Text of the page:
Sometimes, for a person of a certain age, it may be too difficult to learn something new.
Those of us who love our 21 Century digital tools, often surmise that using technology can help aging elders cope with the weaknesses that occur as an individual grows, well, older. It’s true that individuals, as they age, can adopt various new technology tools to assist with certain tasks, and I wrote about the mechanics of older adults adopting new technology in a recent post, Elder Tech Skills Require Lots of Practice: Seven Recommendations.
But at some point, no matter how much it might help to use an iPad or a recorded book, or another whiz-bang 21st Century tool, a person’s physical or memory challenges may preclude learning something new. Or they may not want to bother.
This happened to a friend whose mom had advanced macular degeneration. An inveterate reader, this woman was suddenly unable to read as much as she used to. For a while, large print books worked, but eventually those also became too hard. Well-meaning friends kept telling my friend to help her mother use recorded books, but the mechanics of using the equipment were just too difficult, even when everything was set up and only a few buttons needed to be pushed.
I found a similar situation with my dad. He loves music, and always, as far back as I can remember, had a boom box, or walkman, or the stereo playing mostly classical music. Gradually the stereo became too difficult, then the walkman was too challenging to manage, and finally, the boom box, with all its symbols also went by the wayside. I thought and thought about how to bring back music into his life, and one day, looking at a catalog of electronics equipment I found something that might work.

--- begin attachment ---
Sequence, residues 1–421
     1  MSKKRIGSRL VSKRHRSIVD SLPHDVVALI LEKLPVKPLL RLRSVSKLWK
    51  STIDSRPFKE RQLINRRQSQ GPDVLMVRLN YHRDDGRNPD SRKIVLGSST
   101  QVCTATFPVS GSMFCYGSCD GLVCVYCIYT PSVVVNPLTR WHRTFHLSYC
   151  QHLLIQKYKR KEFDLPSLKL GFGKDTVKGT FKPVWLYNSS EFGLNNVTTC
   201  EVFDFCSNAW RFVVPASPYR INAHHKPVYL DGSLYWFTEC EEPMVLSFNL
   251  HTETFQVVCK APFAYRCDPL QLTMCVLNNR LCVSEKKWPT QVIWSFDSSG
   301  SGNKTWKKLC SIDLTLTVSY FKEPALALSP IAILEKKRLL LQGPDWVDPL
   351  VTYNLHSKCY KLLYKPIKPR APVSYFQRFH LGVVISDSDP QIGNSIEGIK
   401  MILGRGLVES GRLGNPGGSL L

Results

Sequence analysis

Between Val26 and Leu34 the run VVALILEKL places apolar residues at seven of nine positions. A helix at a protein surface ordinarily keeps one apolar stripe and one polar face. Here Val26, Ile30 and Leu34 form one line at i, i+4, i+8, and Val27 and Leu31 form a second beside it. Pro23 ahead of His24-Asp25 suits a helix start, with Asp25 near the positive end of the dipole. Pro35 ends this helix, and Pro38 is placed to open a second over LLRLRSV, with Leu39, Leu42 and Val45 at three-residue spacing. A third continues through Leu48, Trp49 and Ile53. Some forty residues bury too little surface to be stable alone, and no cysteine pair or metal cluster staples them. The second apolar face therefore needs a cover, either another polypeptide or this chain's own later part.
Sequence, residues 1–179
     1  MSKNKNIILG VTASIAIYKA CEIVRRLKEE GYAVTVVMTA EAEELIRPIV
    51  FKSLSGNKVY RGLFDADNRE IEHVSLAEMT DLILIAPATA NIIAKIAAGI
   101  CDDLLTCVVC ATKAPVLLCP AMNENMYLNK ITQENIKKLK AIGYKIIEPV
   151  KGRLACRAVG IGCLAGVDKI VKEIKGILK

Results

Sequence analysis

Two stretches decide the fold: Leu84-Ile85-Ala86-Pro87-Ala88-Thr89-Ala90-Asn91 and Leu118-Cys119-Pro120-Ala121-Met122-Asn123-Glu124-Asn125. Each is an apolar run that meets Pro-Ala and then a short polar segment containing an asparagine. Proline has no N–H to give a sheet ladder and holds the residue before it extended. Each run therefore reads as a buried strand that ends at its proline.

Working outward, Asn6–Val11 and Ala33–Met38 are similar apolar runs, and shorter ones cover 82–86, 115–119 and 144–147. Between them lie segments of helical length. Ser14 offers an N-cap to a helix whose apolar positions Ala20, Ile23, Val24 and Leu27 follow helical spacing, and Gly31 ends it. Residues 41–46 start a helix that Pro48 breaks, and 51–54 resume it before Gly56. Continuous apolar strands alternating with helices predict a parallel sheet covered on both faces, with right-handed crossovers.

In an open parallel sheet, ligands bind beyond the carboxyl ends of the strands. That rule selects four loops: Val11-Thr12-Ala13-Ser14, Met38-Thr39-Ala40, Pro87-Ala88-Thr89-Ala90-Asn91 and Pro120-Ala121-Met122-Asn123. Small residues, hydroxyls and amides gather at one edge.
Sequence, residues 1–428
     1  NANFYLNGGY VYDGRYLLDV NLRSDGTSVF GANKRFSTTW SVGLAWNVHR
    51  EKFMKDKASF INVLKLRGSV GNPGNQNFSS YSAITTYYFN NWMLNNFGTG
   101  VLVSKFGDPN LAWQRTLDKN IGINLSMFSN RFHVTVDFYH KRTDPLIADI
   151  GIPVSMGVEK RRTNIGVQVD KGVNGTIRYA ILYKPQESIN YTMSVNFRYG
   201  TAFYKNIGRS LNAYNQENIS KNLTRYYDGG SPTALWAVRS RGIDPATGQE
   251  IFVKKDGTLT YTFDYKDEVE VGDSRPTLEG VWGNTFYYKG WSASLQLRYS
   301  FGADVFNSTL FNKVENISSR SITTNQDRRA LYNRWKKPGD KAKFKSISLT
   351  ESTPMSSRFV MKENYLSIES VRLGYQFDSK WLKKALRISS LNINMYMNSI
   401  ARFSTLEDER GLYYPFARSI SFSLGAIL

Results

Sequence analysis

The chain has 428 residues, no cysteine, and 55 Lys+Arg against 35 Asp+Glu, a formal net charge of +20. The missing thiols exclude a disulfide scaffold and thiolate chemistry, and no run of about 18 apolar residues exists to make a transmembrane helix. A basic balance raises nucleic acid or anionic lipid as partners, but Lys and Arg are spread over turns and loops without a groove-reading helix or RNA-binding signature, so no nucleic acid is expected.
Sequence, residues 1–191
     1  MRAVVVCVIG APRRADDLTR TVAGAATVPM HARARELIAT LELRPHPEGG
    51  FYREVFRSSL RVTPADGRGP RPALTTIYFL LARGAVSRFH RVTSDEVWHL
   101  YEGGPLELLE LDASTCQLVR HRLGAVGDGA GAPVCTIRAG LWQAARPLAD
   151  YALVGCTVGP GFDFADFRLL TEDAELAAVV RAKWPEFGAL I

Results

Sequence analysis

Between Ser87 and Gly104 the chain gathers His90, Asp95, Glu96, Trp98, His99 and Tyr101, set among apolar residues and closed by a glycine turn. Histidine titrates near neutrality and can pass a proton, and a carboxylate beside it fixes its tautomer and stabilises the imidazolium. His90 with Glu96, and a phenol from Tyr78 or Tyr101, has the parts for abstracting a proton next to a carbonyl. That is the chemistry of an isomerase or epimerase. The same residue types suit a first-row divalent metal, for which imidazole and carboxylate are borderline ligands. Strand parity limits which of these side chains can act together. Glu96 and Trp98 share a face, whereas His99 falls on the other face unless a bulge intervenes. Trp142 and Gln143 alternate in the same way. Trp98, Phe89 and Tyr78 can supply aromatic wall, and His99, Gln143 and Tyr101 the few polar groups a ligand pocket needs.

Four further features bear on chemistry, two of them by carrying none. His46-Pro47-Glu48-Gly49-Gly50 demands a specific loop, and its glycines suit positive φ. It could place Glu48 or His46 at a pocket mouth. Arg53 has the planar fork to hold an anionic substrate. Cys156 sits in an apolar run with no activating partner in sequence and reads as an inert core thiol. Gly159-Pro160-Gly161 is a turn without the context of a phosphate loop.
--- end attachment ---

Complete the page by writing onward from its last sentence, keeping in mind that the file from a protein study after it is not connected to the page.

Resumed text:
There on the page was an old-fashioned Panasonic radio, the kind with dials and a telescoping antenna. Perhaps, I mused, the technical skills required to use that very old radio (I hadn’t even seen one since sometime in the 1990s) might just be from a time far enough in the past and the steps for using it might be imprinted in his brain. I wondered whether memories and information about the older model radio, a type that he used many years ago, might be stored in his long-term memory and make a similar radio easy to use. If I was right, he might automatically turn the dial and get his music.
So I ordered the radio, and indeed, my surmise was correct. I handed the radio to dad and plugged it in. Without missing a beat, dad lifted up the antenna turned on the dial and found some classical music.
In our rush to adopt new digital tools, we sometimes try to get older adults to join in the fun when a simple solution from the past works perfectly.